[Letter excerpt, 1952]
I am afraid I am becoming something of an institution in some parts. When we got as far as Logan I discovered that I had forgotten my pocketbook with all identification, drivers license, money etc. Left it home on the dresser (strangely unlike me). So here we were going to a foreign country without a scrap of identification. The first alarm was at Yellowstone: at the entrance of the park is a formidable sign which says: “Identify yourself” unquote. I broke out into a cold sweat as we drew up to the station. No need for it: the ranger rushed out and greeted us with noisy glee – “Why brother Nibley, of all people, fancy meeting you here!”I had thought I was pretty well known in the four corners country and down into Arizona, but this was a new experience. Still remained the big hurdle: the International Border. I started to tell the man I had no identification when he rudely interrupted: “Are you here on business?”
Foolishly I said yes, since I was going to give speeches. “What kind of business? Oh,” he said, “you are going up to Lethbridge for those lectures, you don’t get paid for that do you?”
Me: (indignant) “Of course not!”
“Well, then it isn’t business.”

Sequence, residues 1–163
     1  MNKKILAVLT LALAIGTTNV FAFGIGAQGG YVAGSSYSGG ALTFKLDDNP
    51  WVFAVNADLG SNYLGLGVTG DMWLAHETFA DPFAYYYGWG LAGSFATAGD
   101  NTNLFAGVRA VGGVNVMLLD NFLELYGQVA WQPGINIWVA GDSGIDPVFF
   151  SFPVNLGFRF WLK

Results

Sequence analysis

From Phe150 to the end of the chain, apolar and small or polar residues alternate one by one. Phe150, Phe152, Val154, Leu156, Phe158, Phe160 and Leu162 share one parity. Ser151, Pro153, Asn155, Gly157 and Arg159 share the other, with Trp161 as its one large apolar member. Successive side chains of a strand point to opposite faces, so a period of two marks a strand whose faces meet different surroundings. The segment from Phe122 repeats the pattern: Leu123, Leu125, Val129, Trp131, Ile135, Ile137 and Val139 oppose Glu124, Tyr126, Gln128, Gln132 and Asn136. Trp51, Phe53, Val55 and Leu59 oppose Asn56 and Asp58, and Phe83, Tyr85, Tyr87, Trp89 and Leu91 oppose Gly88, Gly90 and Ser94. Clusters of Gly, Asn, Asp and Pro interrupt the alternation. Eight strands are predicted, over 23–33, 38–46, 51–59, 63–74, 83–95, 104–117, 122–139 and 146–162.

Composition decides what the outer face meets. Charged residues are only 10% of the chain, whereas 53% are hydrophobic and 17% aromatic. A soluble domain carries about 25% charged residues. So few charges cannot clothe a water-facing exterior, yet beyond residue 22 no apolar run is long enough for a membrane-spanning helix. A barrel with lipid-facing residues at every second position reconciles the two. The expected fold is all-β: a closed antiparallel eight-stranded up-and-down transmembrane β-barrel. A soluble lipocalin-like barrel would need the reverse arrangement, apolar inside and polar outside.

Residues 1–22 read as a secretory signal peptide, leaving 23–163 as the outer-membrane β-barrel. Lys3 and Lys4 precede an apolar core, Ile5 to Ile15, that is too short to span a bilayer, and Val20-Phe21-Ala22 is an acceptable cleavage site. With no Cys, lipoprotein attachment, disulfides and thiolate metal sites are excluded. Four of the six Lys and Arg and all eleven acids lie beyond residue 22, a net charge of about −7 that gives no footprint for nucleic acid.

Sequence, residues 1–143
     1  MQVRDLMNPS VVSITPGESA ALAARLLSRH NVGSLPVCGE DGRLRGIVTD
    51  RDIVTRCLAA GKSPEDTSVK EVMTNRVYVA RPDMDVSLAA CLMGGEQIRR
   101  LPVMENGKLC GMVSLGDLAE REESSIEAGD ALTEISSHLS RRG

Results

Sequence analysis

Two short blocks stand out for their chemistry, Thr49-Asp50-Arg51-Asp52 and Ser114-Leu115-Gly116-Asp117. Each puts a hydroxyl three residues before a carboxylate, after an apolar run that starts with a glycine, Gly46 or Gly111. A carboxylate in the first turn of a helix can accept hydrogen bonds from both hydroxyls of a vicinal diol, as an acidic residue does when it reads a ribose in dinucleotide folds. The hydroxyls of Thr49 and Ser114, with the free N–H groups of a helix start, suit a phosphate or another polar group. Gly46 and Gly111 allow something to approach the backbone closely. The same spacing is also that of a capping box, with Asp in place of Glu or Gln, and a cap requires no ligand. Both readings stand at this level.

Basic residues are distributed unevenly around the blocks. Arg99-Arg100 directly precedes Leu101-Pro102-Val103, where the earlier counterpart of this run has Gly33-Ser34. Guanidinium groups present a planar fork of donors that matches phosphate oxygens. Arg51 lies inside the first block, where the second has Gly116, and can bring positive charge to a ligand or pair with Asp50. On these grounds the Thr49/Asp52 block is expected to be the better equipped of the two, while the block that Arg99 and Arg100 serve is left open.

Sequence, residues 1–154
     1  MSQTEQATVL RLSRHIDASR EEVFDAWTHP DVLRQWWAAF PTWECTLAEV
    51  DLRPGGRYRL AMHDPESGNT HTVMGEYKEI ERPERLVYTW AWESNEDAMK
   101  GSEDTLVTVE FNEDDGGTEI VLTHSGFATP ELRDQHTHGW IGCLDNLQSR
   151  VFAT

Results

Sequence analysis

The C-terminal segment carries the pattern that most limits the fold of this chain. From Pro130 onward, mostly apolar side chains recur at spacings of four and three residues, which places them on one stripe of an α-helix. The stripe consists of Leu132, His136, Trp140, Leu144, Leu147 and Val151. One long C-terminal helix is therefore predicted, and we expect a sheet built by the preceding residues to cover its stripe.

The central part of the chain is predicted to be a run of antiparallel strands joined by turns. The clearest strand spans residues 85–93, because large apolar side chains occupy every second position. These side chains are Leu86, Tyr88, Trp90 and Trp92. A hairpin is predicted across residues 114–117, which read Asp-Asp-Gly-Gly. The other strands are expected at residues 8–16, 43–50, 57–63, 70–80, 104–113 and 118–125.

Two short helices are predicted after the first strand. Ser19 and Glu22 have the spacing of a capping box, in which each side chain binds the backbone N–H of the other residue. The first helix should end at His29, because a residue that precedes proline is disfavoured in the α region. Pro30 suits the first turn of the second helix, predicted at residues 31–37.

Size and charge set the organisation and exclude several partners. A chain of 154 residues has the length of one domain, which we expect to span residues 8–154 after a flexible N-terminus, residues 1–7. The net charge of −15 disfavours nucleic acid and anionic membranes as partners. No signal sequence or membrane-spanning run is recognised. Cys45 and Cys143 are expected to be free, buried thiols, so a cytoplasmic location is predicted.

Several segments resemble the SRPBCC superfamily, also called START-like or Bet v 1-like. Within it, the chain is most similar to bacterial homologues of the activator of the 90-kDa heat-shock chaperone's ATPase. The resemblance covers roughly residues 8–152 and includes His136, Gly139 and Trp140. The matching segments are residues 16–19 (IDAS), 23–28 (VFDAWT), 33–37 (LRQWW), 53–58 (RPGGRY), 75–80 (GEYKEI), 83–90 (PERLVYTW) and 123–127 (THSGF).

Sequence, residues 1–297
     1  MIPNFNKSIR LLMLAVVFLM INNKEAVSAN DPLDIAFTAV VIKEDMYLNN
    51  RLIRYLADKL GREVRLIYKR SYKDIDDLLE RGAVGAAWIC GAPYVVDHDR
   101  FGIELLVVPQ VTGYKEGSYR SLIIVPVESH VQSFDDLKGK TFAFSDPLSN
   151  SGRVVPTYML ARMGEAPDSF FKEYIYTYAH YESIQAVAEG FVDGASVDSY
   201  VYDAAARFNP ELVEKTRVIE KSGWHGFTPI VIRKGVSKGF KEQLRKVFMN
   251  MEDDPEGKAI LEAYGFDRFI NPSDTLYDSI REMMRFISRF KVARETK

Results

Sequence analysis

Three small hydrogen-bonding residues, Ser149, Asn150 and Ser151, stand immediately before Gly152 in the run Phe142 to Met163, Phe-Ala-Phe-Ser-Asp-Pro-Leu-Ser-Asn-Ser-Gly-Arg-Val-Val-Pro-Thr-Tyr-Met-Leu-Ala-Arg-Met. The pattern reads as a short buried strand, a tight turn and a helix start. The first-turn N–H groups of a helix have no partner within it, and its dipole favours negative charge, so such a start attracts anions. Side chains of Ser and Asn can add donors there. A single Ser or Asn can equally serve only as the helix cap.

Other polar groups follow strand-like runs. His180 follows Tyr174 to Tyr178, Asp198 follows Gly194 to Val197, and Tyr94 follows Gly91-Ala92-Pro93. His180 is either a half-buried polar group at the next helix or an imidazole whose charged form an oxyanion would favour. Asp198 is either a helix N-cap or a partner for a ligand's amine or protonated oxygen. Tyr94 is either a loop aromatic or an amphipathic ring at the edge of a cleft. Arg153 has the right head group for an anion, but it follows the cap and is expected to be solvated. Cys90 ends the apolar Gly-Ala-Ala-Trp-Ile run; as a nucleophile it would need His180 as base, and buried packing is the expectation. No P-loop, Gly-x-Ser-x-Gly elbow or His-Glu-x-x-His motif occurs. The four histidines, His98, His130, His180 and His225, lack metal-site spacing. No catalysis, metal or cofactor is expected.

So on we went: apparently the guard noted a family resemblance with certain relatives that live along the border (some of the boys are notorious border – jumpers). We got to Cardston, where I had never been, drove into a garage and asked if we could buy a jack. “I’m sorry Brother Nibley,” said the attendant, “we’re all out of them.” This floored me. I have not been able to buy a beer anywhere in Utah for over a year, because every storekeeper in the state spots me halfway down the block, but to be called by name less than an hour after breathing the free air of a foreign land was too much. And I was wearing two pair of dark glasses! (I find this very restful for the eyes). If Hollywood celebrities and international jewel-thieves can travel incognito, why can’t I? I pause for a reply.